The Preacherman said, "My advice to you is to get yourself a gun and learn how to shoot." The Gunslinger said, "My advice to you is to get yourself a Bible and learn how to pray."

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Wednesday, August 5, 2015

Review of GALCO VHS Vertical Shoulder Holster System for small frame revolvers



The Galco VHS is a modular concept; by changing the holster and ammo storage you can switch the harness between handgun models and sizes.  I've owned this revolver rig only since November of 2014 but have attempted to shake it down during representative slices of all weather.  Unlike the Jackass Rig and the Miami Classic, all of Galco's tanker style VHS line lack the option for a holster-side tie-down; that can kinda really suck for some of us.  There is an option for installing an offside tie-down, but there are no provisions for anchoring any of the VHS holsters.  With minor exceptions, drawing a handgun from a VHS holster requires two hands or pinning the holster to your side using the weak-side arm.  Yes, I consider the lack of a holster tie-down option a downside to the Galco VHS.  However, I did find that certain revolvers listed for use with Galco's V118 holster have no need for a holster-side tie-down; drawing them from the holster is slick, quick, free, and easy.

Further, using this shoulder rig with no tie-down whatsoever is a problem for me due to the mismatch in weight from one side to the other; I used the two black non-Galco ammo pouches (with cartridges, of course) to add weight to the offside.  While an untied rig is ok for tossing on for a walk around the block or a drive to the deli, I needed it tied down when performing any solid physical activity.  The VHS offside tie-down is via an attachement on the ammo pouch (or via an optional harness attachment if you want to eliminate the ammo pouch).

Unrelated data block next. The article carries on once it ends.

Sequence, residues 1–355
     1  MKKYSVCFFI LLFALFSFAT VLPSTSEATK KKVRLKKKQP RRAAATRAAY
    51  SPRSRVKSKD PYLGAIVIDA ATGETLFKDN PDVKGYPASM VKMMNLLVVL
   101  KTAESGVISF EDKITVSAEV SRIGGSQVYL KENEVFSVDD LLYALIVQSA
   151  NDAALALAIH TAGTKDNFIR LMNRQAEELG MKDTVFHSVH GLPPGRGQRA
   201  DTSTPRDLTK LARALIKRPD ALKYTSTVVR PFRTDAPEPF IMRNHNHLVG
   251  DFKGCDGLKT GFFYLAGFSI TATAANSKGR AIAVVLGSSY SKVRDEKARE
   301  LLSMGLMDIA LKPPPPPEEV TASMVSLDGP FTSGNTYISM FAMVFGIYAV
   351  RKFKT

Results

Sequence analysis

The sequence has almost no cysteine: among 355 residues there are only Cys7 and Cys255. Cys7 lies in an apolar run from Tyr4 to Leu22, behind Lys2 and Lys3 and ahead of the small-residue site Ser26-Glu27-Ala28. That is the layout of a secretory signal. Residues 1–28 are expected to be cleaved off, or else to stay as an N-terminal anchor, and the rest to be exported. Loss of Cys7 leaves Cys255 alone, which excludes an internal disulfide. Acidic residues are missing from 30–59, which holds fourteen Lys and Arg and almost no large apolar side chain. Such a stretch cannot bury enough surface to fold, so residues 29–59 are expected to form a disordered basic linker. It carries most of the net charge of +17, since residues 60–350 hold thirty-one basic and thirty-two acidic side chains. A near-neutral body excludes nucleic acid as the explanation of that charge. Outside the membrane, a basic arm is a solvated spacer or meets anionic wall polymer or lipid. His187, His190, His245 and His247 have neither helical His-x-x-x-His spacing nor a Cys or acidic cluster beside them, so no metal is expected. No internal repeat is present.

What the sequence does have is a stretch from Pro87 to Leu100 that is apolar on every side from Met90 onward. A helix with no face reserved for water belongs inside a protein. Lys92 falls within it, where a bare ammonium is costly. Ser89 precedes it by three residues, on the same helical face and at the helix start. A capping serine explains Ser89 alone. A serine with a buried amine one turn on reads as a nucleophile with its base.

The small frame revolver used in most of the photos of this review is the S&W Model 640-1 .357 Magnum.



As shown above, the VHS has the widest shoulder straps of the four common Galco shoulder rigs.  I own two of the Galco VHS rigs, one for full-frame 1911s and one for small frame revolvers.  I also own a Galco Jackass Rig equipped for use with 1911s.



Wide shoulder straps help keep loads comfy, but getting the straps set correctly takes time and patience.  In the photo above (without using the offside tie-down), the widest portion of the straps have shifted forward on my shoulders after some outdoor activities.  Wide shoulder straps during summer weather also makes it difficult to remain cool; this rig contributes to profuse perspiration.  When I remove this harness at the end of a summer day there are always wide sweat stains on my teeshirt where the harness was sitting.



As mentioned earlier, I used the two black non-Galco ammo pouches to add weight to the offside to provide a more comfortable balance when not using the offside tie-down.  There are 24-rounds total on speed strips between the black and brown ammo pouches.  Whether that is too much or too little to carry for personal defense is for each of us to decide, but in this case I used the extra 12-rounds strictly for ballast.